- MEDLINE In-Process
- NHS EED
Table 1 of the Evidence Update (see the "Availability of Companion Documents" field) provides details of the MEDLINE search strategy used (based on the search strategy for the reference guidance), which was adapted to search the other databases listed above. The search strategy was used in conjunction with validated Scottish Intercollegiate Guidelines Network search filters for RCTs and systematic reviews.
Additionally, 1 study (Edmiston et al., 2013) was identified outside of the literature search.
Figure 1 of the Evidence Update provides details of the evidence selection process.
A search was conducted for new evidence from 13 April 2011 to 8 January 2013. A total of 1,639 pieces of evidence were initially identified. Following removal of duplicates and a series of automated and manual sifts, 26 items were selected for the evidence update.
Weighting According to a Rating Scheme (Scheme Given)
Levels of Evidence for Intervention Studies
|Level of Evidence||Type of Evidence|
|1++||High-quality meta-analyses, systematic reviews of randomised controlled trials (RCTs) or RCTs with a very low risk of bias|
|1+||Well-conducted meta-analyses, systematic reviews of RCTs or RCTs with a low risk of bias|
|1−||Meta-analyses, systematic reviews of RCTs or RCTs with a high risk of bias*|
|2++||High-quality systematic reviews of case–control or cohort studies; high-quality case–control or cohort studies with a very low risk of confounding, bias or chance and a high probability that the relationship is causal|
|2+||Well-conducted case–control or cohort studies with a low risk of confounding, bias or chance and a moderate probability that the relationship is causal|
|2−||Case–control or cohort studies with a high risk of confounding bias or chance and a significant risk that the relationship is not causal*|
|3||Non-analytic studies (for example, case reports and case series)|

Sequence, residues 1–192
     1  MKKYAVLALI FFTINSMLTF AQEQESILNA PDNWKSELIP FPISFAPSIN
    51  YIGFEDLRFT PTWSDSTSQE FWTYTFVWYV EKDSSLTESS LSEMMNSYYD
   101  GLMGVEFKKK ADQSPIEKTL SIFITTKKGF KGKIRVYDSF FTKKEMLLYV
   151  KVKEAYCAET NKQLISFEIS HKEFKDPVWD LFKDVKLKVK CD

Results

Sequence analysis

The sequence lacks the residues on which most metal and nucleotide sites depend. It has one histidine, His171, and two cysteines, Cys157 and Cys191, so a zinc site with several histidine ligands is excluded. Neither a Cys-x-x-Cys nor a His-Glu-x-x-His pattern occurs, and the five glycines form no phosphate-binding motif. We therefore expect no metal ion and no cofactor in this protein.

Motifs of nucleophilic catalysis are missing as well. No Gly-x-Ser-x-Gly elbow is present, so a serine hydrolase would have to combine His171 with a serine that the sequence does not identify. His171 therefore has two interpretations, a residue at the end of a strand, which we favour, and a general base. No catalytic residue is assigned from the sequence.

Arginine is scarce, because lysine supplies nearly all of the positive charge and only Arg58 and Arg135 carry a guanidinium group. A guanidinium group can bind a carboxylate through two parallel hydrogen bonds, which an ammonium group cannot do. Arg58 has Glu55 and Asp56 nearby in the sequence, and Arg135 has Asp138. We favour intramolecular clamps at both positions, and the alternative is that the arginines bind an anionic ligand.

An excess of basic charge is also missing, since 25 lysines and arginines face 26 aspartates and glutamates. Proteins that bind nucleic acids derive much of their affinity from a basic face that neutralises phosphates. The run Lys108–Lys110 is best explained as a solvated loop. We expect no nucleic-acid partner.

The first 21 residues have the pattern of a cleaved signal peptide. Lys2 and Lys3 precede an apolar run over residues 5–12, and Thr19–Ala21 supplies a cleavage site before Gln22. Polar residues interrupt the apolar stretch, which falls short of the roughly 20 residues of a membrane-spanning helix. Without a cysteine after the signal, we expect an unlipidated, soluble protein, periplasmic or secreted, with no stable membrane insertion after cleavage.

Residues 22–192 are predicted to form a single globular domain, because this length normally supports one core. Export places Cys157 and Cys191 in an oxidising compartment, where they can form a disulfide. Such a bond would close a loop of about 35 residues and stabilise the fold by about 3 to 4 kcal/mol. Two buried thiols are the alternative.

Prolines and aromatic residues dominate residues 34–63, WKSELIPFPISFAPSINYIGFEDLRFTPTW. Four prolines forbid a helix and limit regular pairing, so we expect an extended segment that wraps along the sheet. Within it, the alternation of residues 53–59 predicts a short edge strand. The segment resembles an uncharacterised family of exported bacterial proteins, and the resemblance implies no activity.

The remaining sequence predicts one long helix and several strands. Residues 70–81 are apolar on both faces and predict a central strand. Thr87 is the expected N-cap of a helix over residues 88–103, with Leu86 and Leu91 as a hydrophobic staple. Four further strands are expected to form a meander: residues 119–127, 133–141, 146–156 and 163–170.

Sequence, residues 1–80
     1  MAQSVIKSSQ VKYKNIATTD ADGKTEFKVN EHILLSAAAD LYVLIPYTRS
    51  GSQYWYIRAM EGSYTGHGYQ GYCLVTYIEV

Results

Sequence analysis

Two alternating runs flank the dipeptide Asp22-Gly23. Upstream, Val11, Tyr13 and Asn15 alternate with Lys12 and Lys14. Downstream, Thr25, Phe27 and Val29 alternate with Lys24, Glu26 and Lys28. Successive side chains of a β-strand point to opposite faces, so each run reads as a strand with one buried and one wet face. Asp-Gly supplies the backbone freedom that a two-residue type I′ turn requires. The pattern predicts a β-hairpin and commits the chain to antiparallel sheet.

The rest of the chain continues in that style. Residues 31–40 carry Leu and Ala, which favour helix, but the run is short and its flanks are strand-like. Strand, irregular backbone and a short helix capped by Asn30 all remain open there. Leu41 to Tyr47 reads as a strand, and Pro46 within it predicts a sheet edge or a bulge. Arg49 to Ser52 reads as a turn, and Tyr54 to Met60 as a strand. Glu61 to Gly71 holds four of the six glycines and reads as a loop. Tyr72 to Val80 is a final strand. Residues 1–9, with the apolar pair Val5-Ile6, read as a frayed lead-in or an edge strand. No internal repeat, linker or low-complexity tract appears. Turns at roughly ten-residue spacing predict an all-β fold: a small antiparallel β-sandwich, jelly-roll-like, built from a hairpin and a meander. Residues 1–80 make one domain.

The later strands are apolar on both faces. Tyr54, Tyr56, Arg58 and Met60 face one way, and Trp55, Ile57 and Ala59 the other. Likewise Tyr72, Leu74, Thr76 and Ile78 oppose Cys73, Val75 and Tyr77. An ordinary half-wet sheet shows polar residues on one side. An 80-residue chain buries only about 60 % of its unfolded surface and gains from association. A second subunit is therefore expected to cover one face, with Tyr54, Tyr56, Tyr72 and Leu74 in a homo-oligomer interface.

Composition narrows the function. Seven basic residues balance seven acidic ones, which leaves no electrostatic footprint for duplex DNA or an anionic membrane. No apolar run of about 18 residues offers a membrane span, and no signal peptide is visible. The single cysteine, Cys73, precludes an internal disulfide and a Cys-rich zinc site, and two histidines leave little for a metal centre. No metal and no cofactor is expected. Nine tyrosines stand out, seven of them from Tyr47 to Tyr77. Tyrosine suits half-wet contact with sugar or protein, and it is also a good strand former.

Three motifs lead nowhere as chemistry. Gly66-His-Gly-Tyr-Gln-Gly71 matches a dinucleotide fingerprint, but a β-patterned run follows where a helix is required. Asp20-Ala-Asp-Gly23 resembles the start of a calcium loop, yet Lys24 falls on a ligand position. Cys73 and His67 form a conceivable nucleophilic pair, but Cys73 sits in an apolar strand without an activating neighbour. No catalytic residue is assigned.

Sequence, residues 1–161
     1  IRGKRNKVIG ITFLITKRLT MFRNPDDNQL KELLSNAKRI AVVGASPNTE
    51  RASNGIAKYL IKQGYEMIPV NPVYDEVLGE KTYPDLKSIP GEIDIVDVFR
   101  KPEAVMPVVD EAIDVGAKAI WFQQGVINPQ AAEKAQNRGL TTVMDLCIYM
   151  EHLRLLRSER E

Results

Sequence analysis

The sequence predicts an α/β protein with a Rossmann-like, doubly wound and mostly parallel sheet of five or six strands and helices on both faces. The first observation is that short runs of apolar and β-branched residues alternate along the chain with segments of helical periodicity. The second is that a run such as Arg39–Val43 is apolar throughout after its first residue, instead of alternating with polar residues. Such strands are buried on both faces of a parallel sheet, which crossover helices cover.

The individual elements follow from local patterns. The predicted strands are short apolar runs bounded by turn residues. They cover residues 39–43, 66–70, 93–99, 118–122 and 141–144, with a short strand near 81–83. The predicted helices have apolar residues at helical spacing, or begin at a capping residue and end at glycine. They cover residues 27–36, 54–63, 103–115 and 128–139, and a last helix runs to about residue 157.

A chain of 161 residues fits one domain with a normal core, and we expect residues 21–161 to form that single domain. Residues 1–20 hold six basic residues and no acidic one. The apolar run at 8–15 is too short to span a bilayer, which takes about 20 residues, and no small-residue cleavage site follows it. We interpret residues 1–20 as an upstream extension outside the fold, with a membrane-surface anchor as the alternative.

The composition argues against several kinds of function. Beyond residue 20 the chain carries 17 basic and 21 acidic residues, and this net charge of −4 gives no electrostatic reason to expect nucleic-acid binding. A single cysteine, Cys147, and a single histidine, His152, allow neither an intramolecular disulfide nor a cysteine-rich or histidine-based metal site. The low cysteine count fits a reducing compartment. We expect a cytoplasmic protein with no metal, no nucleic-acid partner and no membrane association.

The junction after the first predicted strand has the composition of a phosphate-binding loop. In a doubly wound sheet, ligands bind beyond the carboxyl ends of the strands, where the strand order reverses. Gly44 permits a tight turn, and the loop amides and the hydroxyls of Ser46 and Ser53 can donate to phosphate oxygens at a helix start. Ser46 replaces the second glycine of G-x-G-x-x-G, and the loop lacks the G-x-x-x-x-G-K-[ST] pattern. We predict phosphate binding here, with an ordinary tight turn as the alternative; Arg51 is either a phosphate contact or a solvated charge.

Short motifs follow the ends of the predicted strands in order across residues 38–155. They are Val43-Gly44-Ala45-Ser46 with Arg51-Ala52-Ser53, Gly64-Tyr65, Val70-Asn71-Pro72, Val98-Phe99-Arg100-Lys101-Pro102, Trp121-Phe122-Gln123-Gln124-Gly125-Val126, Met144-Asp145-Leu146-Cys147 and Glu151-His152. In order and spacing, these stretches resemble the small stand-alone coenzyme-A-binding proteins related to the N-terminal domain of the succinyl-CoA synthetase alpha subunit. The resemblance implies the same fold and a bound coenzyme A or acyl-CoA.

|4||Expert opinion, formal consensus|
*Studies with a level of evidence ′–′ should not be used as a basis for making a recommendation.
Review of Published Meta-Analyses
Systematic Review with Evidence Tables
Synthesis of Clinical Effectiveness Evidence
Evidence relating to clinical effectiveness was reviewed using established guides and classified using the established hierarchical system (see the "Rating Scheme for the Strength of the Evidence" field). This system reflects the susceptibility to bias that is inherent in particular study designs.
The type of clinical question dictates the highest level of evidence that may be sought. In assessing the quality of the evidence, each study was assigned a quality rating coded as '++', '+' or '−'. For issues of therapy or treatment, the highest possible evidence level (EL) is a well-conducted systematic review or meta-analysis of randomised controlled trials (RCTs; EL = 1++) or an individual RCT (EL = 1+). Studies of poor quality were rated as '−'. Usually, studies rated as '−' should not be used as a basis for making a recommendation, but they can be used to inform recommendations. For issues of prognosis, the highest possible level of evidence is a cohort study (EL = 2). A level of evidence was assigned to each study appraised during the development of the guideline.
For each clinical question, the highest available level of evidence was selected. Where appropriate, for example if a systematic review, meta-analysis or RCT existed in relation to a question, studies of a weaker design were not considered. Where systematic reviews, meta-analyses and RCTs did not exist, other appropriate experimental or observational studies were sought.
Clinical evidence for individual studies was extracted into evidence tables and a brief description of each study was included in the guideline text. The body of evidence identified for each clinical question was synthesised qualitatively in clinical evidence statements that accurately reflected the evidence. Quantitative synthesis (meta-analysis) was performed for this guideline where sufficient numbers of similar studies were identified to merit such analysis.
An Evidence Update Advisory Group (EUAG), comprising topic experts, reviewed the prioritised evidence obtained from the literature search and provided their opinion on whether the new evidence may have a potential impact on the current guidance (see the "Availability of Companion Documents" field).